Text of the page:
[note +/- 0.005" ! I'm not that good with a micrometer.]
      back-to-back: 1.578"
      crank throw: 0.45"
      diameter over tread: 2.38" (which is 48.314" in Fn3)
      width: 0.275"
      flange: 0.090"

       

      The tires/tyres are stainless steel, which makes the wheels quite expensive - about $60/set. However, we are talking to Slaters about making some tires exactly 48" in Fn3 using mild steel and they should be a more reasonable price.

       

       

      Pete 

       I wish you would have made this post a few years ago when I modeled Utility. They would have been perfect and may still be perfect for Pioneer. Utility's wheels were NOT quartered to standard practice and still a mystery to me and others. However Utility and Pioneer's builder is long dead so we will never know. But if I would have known about the wheels at the time they would have been perfect without the counter weights. I chose to cut up Percy instead of Thomas only because of the wheel diameter.

      http://www.largescalecentral.com/forums/topic/16185/cvrr-utility-17

    • March 17, 2016 2:49 AM EDT

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      Looking at the trains sitting on my shelf, it occurs to me that LGB has been using plastic wheel centers and metal tires for the lion's share of their 48-year history. Seems to me if melting wheel centers were a problem, we'd have heard of a few more experiences in that time span. I think the track record is overwhelmingly in favor of this being a suitable means of construction for track-powered applications. I'm not doubting what Greg is reporting relative to MTH, but my bet is that such events required a perfect storm of conditions.

       

      (As an aside, Greg, doesn't your Zimo system put out 22 amps? You're writing about 5 amps potentially being problematic, and you've got the potential for more than 4 times that on your railroad. Here's hoping you don't have a derailment. All that will be left will be the tires! ;) )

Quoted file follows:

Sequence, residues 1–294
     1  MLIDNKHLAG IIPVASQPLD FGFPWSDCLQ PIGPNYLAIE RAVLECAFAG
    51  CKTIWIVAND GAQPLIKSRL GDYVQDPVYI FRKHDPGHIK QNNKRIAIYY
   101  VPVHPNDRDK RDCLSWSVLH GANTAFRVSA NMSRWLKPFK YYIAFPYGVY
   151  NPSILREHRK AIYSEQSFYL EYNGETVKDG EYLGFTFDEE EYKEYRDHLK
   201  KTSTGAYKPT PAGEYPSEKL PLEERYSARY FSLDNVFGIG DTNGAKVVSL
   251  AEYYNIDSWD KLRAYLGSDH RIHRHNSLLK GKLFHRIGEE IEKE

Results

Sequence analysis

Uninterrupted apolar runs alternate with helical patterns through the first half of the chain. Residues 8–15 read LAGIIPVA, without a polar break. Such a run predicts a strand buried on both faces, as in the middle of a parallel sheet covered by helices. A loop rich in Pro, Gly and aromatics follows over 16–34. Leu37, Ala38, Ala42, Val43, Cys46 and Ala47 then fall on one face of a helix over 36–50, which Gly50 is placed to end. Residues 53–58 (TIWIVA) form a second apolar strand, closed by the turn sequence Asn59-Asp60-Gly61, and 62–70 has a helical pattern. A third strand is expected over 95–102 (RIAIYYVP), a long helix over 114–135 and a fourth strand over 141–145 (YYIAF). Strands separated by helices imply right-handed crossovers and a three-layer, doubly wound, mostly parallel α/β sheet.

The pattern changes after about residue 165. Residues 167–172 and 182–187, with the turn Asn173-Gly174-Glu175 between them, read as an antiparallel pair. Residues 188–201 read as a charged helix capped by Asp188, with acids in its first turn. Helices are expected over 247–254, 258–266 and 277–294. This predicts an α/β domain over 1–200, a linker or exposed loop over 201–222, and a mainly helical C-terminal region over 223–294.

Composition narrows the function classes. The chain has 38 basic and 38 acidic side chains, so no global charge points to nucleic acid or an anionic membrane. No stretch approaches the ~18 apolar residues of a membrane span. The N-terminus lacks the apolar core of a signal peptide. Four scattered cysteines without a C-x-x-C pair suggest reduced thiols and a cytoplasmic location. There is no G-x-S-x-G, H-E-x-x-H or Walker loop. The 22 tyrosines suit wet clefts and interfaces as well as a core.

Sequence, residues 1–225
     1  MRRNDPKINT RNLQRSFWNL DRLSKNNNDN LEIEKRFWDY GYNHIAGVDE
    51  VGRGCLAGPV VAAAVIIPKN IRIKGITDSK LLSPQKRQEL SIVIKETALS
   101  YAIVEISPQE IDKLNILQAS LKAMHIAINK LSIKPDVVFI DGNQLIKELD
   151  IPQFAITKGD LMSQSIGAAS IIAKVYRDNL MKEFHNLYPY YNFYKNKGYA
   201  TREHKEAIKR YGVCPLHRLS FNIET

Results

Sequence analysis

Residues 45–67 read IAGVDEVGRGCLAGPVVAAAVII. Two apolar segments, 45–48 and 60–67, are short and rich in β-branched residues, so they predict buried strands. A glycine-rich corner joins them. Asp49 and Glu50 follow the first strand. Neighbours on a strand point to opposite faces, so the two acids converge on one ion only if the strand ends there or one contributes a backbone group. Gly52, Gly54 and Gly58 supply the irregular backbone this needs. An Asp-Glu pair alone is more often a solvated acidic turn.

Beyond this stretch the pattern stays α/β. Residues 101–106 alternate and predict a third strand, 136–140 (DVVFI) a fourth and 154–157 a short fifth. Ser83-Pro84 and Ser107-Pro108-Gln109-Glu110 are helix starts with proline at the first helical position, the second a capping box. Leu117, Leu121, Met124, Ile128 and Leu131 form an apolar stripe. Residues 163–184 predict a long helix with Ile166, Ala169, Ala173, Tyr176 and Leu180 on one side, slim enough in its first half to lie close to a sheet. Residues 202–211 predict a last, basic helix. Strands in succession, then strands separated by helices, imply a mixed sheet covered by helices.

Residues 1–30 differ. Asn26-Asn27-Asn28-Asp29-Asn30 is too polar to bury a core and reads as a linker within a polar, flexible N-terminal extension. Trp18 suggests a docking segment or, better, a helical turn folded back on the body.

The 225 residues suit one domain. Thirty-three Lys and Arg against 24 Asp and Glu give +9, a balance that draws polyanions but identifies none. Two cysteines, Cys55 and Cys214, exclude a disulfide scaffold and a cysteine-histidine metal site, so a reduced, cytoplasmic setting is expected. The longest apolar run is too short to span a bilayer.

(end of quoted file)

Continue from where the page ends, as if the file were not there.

Later,

       

      K

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    • March 17, 2016 3:15 AM EDT

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      LGB, the land of the 1 amp transformers?

       

      Kevin, how come you always quote me wrong? No malice intended I'm sure. If I don't correct you my system will be at 50 amps by the weekend.

       

      I don't use plastic centered wheels.

       

      Greg

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    • March 17, 2016 3:45 PM EDT

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      Greg Elmassian said:

      LGB, the land of the 1 amp transformers?

      Er, no. Their Jumbo is rated at 10 amps, their mid-range is somewhere between 3 and 5 if I recall correctly. Their starter set transformers are notoriously lethargic, but whose aren't? We run 15-amp Bridgewerks at our club displays. We've had our fair share of derailments, and no melted LGB wheels yet. ;)

       

      Greg Elmassian said:

      Kevin, how come you always quote me wrong? No malice intended I'm sure. If I don't correct you my system will be at 50 amps by the weekend.

       

      I would have to have quoted you in the first place to have quoted you wrong. I was asking about your Zimo system, whose current capacity I knew to be quite high, but whose specific rating I couldn't recall at the time I wrote my post. Upon checking, it's 20 amps, not 22. My point still holds; you're writing about the potential of 5 amps on the rails all the while you're putting 20 on yours.